• Good for younger players
  • Flexible, can create spin
  • Grip may need replacing

This racquet shines as a beginner racket for younger players; the line has smaller grip sizes available making it a great option for smaller players.

While it is not as light as some super lights, it is not a heavy racket. It is also not as big as other racquet heads, just slightly smaller, but this is a great racquet for the beginner who takes the sport seriously and wants to advance.

3 of the Best Tennis Racquets for Intermediate Players

</p> <h4>Babolat 2015 Pure Drive</h4> <p>

Babolat 2015 Pure Drive Tennis Racquet

  • Head Size: 100
  • Weight: 10.6
  • Balance: Head Light
  • Heavier racquet with a smaller head
  • Appropriate for advanced players
  • The sweet spot is higher than normal and will take some adjustment

This racquet is excellent for advanced players, it is head light with a smaller head size, and it has excellent vibration control, also an easy racquet to play with.

</p> <h4>Head Graphene XT Instinct</h4> <p>

Head Graphene XT Instinct S Tennis Racquet

  • Head Size: 102
  • Weight: 9.5
  • Balance: Head light
  • Feels fast
  • Has a lot of power and can be used for spinning the ball
  • Company tests show the racquet transmits 10% more power than other racquets
  • Not as solid under hard hits.

This lively racket is fast and furious, but not forgiving when you hit outside the sweet spot. This is geared towards advanced players.

</p> <h4>Wilson Six One 95 BLX</h4> <p>

wilson Factor Six-One 95

  • Head Size: 95
  • Weight: 12.3
  • Balance: Head Light
  • Heavy weight small head space
  • For advanced players
  • Basalt BLX frame fives good feedback and allows the player to feel the ball while eliminating vibration
  • Comes with a leather base and Wilson pro hybrid grip
  • Cover not included.

One of the most stable racquets around, die to basalt BLX technology, which cuts vibration and allows the player to still feel the ball and get the feedback they need.

This racquet is too heavy and too pricy for beginners, but the seasoned player will love the control and stability the racquet has.

3 of the Best Tennis Racquets for Women

The top rated tennis racquets great for women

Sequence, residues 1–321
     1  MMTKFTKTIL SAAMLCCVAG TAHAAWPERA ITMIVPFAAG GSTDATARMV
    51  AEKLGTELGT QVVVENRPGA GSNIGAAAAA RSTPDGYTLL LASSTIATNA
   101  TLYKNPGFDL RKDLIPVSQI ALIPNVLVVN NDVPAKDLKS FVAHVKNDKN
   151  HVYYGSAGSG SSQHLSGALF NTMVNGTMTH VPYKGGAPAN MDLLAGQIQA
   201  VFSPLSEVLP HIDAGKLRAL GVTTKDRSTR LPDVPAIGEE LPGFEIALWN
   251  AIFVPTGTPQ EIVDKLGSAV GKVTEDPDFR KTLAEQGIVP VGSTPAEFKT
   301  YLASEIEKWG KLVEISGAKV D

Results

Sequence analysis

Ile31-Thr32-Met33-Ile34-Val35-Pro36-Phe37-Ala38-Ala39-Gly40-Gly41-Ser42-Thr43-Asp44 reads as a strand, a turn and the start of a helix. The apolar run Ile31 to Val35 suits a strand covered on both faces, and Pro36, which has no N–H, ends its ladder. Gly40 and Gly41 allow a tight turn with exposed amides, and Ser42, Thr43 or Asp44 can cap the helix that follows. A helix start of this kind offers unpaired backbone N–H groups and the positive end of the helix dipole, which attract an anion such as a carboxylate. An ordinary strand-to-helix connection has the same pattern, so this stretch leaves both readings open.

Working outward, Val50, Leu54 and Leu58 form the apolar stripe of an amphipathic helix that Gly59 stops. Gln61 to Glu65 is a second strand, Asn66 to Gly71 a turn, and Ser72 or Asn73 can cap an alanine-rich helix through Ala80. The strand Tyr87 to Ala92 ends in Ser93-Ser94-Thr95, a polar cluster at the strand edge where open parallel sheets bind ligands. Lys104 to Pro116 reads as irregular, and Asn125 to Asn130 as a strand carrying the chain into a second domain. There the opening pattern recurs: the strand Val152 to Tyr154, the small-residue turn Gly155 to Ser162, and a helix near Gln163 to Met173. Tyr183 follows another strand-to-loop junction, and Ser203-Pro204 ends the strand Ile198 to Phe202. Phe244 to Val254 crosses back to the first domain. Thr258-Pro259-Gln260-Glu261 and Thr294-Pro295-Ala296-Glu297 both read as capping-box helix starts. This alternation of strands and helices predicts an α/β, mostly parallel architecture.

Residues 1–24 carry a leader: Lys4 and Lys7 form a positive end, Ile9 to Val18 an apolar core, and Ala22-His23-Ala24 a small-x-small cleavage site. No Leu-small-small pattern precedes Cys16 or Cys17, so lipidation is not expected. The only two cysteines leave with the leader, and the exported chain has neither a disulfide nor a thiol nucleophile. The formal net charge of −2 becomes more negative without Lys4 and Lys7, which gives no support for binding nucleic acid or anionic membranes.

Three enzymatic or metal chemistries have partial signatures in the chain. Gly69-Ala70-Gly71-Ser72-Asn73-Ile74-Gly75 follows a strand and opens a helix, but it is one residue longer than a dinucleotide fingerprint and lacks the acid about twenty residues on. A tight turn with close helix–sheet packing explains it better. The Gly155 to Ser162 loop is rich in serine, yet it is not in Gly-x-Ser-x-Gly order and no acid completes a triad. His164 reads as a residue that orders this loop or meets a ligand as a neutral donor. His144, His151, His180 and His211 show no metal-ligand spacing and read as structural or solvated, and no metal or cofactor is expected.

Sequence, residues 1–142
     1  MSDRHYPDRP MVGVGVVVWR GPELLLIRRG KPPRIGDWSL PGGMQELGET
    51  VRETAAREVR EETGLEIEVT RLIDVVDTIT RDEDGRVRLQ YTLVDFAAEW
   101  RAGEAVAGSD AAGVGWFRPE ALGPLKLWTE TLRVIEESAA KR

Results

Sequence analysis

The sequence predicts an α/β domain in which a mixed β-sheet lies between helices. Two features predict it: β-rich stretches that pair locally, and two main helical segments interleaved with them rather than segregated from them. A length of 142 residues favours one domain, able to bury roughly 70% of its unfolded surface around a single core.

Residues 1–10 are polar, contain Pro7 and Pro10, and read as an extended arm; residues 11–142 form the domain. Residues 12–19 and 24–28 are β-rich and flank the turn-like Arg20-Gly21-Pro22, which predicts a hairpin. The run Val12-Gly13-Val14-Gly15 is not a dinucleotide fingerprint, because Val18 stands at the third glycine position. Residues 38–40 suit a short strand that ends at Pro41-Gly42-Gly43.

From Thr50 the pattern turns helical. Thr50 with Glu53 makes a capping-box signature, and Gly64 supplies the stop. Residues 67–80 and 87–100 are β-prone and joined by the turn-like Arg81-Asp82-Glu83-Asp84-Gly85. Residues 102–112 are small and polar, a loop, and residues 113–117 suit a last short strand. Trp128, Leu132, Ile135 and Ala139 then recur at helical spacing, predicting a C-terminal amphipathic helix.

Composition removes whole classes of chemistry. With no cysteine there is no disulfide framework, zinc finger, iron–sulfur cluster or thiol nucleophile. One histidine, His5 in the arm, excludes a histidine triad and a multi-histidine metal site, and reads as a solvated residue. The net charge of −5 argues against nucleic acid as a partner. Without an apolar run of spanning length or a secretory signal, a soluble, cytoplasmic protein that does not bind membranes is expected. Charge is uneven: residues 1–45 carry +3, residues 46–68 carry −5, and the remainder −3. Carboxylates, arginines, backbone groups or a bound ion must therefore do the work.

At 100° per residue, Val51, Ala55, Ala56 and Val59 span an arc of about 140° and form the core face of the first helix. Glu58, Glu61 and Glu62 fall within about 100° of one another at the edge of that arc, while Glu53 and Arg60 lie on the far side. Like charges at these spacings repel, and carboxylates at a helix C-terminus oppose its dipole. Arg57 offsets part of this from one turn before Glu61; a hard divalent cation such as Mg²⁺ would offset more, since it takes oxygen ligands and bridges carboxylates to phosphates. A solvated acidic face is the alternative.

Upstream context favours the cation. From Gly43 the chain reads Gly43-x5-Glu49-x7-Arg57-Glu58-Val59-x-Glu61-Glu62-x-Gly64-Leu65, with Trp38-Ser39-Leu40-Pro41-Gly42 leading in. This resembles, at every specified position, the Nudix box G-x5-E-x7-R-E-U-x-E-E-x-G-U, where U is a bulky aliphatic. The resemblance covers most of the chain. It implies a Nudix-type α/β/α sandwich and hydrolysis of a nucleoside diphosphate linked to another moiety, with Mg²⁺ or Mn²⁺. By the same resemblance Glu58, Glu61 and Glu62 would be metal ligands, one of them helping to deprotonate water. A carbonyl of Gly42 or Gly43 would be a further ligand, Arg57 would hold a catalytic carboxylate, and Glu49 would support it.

</p> <h4>Wilson Blade 98</h4> <p>

Wilson 18x20 Blade 98 Tennis Racquet

  • Head Size: 98
  • Weight: 11.2
  • Balance: Head Light
  • Basalt X BLX Technology
  • Stable racket
  • Not too heavy
  • Harder to get spin with this racquet

There is a reason this is the racquet used by Serena Williams, it’s a beast meant for a beauty. It is stable, thanks to Basalt technology, it is not too heavy at 11.2 Oz, but not too light for an advanced player either. This is a responsive racket with the ability to generate power.

</p> <h4>Prince TeXtreme TOUR 100P</h4> <p>

Prince TeXtreme TOUR 100P Tennis Racquet

  • Head Size: 100
  • Weight: 11.14
  • Balance: Head Light
  • Fast and comfortable
  • Neither too light nor heavy
  • Maneuverable and has a good feel for the ball
  • Not as forgiving as some when hit off center

This racquet is great for women who are more advanced players. It is a good overall weight, head-light, and offers excellent return energy to the ball.

</p> <h4>Yonex EZONE Ai Lite</h4> <p>

Yonex EZONE Ai Lite Black and Lime Tennis Racquet

  • Head Size: 100
  • Weight: 10.2
  • Balance: Head Light
  • Lighter racquet
  • Great price for a higher end racquet
  • Intermediate to advanced
  • May be too light for advanced players

This racket is in between beginner and intermediate players. Its light weight makes it one of the top rated tennis racquets for women.

It is unique in its construction, the eZone technology consists of grooved on the edge of the racquet in a cross pattern that make the sweet spot larger. The gel filled handle cuts vibration in half shock absorbing grommets help with the task. It also has a rounder handle which may fit a woman’s hand more comfortably.

There are a lot of factors to consider when selecting top rated tennis racquets but we hope our guide has made tennis racket reviews that search easier.